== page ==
NSA: Our Surveillance System Is Too Complex to Stop

By:  Joe Wolverton, II, J.D.
NSA: Our Surveillance System Is Too Complex to Stop

In a court filing, the National Security Agency (NSA) claims that its computers are so powerful that to try to protect data from erasure would have “an immediate, specific, and harmful impact on the national security of the United States.”

This is the argument put forth by the surveillance agency to excuse itself from preserving data relevant to numerous legal challenges it faces to the constitutionality of its dragnet collection of telephone and Internet activity.

District Court Judge Jeffrey S. White reversed an earlier order he had issued enjoining the federal government from destroying data that one of the plaintiffs — the Electronic Frontier Foundation (EFF) — had requested be saved from the virtual shredder. Specifically, EFF wants to include information collected under Section 702 of the Foreign Intelligence Surveillance Act (FISA) Amendments.

The NSA balked, insisting that protecting the information would be overly burdensome.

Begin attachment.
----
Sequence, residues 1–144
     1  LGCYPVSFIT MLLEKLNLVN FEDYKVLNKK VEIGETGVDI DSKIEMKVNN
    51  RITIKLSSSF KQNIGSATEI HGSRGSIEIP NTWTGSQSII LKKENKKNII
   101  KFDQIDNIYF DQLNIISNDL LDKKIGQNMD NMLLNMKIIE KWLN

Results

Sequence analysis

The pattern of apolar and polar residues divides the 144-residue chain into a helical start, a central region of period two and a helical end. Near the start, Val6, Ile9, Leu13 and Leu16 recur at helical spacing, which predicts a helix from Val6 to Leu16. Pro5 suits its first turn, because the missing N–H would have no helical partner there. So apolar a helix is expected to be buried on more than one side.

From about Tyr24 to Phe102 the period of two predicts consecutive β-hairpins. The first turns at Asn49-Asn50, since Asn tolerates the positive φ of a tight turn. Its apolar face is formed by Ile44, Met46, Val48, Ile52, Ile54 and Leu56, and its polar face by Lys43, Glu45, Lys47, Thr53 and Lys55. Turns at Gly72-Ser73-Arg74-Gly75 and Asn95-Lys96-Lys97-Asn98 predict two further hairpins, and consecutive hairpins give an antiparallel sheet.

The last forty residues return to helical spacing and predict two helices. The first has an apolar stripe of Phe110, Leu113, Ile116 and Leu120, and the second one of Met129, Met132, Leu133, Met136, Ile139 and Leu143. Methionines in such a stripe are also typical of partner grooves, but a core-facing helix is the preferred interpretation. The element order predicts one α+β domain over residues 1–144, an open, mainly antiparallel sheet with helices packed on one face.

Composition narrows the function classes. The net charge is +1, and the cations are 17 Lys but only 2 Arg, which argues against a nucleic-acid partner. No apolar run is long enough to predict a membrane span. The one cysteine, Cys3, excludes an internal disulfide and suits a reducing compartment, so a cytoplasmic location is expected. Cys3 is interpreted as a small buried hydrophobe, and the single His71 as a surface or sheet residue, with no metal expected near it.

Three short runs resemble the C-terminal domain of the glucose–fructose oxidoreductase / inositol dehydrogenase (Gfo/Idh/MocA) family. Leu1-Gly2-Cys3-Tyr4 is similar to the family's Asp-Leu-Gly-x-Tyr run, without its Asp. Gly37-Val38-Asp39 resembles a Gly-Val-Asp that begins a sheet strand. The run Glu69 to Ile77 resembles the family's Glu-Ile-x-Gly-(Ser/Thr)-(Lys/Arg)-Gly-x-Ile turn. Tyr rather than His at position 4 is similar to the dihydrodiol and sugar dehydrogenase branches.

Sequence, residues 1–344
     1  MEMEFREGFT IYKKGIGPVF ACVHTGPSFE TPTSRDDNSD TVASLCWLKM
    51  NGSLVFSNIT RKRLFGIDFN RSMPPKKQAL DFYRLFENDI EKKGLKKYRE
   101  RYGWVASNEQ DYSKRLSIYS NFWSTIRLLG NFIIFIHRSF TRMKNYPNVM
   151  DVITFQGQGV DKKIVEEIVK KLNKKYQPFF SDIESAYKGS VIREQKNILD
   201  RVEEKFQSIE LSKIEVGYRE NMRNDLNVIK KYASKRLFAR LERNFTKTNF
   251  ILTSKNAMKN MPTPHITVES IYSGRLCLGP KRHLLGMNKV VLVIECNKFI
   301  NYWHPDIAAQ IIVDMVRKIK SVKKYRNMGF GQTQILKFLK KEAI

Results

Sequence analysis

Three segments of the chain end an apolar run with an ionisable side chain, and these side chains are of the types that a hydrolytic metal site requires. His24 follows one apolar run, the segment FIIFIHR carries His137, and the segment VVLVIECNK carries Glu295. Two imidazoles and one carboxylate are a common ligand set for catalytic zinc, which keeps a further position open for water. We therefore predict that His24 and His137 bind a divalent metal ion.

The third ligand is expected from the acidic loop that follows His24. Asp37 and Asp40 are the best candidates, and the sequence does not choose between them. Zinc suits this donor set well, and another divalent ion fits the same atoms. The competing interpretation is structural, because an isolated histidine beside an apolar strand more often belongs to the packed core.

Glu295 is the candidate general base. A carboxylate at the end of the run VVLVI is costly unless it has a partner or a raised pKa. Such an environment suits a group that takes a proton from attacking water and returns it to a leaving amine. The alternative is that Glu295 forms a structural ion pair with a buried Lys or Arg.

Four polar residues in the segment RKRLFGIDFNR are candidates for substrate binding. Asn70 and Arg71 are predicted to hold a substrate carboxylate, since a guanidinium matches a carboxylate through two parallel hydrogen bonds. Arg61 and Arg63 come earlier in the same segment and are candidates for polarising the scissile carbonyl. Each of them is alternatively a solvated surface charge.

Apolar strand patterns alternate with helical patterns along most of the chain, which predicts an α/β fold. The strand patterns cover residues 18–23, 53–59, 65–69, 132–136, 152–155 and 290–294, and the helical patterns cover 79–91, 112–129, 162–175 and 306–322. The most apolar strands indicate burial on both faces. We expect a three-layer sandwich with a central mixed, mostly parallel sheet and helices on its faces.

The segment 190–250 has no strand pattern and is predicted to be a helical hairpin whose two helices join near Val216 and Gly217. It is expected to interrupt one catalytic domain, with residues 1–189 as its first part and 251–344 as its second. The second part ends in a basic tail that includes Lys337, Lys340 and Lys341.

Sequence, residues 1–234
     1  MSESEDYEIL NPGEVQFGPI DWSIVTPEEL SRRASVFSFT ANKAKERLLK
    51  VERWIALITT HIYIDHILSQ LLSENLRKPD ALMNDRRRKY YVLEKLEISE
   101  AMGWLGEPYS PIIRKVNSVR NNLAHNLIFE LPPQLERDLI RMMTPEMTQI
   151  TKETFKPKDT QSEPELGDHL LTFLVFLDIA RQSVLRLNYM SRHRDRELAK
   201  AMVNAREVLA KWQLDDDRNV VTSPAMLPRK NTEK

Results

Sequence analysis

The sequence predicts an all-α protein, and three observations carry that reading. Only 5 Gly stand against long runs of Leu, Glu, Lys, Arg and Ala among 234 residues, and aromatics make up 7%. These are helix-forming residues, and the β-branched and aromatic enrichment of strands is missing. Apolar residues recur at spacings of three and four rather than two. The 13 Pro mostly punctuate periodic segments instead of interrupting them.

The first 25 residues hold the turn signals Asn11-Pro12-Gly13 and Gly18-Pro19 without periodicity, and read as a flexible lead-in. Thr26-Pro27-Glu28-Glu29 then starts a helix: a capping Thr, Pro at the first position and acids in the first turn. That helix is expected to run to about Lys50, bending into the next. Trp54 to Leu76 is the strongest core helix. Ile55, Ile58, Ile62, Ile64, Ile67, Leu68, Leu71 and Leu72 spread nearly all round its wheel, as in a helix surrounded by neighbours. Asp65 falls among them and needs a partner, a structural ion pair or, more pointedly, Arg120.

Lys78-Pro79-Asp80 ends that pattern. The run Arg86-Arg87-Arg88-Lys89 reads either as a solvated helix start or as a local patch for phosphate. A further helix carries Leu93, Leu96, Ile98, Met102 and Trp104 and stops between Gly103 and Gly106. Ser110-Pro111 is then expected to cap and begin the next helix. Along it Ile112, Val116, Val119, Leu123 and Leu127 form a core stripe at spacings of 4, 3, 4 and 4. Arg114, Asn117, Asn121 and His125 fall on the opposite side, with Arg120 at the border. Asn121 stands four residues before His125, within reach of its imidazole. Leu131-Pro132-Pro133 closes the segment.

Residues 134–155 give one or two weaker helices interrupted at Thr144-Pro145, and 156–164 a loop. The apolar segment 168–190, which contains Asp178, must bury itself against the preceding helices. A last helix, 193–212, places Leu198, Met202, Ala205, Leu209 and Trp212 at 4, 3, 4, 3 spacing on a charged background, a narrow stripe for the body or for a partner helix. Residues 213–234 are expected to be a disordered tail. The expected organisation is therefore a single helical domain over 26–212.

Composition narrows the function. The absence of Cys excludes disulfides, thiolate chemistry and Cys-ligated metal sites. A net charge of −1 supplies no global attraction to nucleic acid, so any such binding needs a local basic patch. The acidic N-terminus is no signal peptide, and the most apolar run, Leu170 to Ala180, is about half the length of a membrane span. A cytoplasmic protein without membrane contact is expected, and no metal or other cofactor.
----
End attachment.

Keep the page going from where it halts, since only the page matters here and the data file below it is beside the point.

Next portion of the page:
"A requirement to preserve all data acquired under section 702 presents significant operational problems, only one of which is that the NSA may have to shut down all systems and databases that contain Section 702 information," NSA Deputy Director Richard Ledgett claimed in a document submitted to the court.

He averred that due to the high complexity of the surveillance equipment, the attempt at preservation might not work and it if did, the safety of the United States could be imperiled.

Pointing to the regulations imposed by the Foreign Intelligence Surveillance Court (the so-called FISA Court), Ledgett argued that the risks of data preservation far outweigh the rewards, and the complexity of such an operation outweighs them both.

"Communications acquired pursuant to Section 702 reside within multiple databases contained on multiple systems and the precise manner in which NSA stays consistent with its legal obligations under the [FISA Amendments Act] has resulted from years of detailed interaction" with the FISA Court and the Justice Department, Ledgett wrote in the filing quoted by the Washington Post.

The NSA routinely destroys data "via a combination of technical and human-based processes," he added.

In an interview with the Washington Post, EFF’s legal director Cindy Cohn expressed her belief that the government’s excuses raised more concerns:

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